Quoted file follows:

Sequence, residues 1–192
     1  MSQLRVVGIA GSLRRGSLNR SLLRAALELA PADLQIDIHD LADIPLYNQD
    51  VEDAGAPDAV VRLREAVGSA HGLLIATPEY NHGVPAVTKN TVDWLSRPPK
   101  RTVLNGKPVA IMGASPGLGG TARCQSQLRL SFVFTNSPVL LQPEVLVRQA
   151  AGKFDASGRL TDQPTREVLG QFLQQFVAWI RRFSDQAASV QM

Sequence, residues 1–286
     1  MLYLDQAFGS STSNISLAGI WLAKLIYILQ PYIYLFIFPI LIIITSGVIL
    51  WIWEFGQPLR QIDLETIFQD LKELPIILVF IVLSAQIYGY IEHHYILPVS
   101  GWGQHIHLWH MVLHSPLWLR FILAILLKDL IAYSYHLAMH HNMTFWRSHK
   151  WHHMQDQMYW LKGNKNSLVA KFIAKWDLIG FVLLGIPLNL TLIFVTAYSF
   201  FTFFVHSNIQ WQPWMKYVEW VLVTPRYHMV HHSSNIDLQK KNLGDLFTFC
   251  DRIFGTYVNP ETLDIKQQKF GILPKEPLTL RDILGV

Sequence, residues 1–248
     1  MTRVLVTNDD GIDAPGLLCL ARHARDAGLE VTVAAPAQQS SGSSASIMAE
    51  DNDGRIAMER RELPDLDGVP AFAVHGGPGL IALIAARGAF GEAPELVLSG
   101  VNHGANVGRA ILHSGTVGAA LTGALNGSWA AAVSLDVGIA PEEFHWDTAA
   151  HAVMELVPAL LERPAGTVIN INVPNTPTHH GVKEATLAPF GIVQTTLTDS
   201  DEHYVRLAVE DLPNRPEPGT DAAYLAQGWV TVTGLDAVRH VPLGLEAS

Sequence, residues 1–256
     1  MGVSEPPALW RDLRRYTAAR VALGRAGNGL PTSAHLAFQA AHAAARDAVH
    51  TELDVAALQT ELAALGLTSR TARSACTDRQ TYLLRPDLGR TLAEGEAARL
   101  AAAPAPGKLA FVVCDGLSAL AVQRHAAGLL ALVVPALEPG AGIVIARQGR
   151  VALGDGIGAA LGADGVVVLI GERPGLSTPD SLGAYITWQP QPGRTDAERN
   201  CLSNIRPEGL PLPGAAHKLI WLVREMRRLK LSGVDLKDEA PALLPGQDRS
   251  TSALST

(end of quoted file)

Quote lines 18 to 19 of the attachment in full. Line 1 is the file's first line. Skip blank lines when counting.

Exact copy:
   201  DEHYVRLAVE DLPNRPEPGT DAAYLAQGWV TVTGLDAVRH VPLGLEAS

Sequence, residues 1–256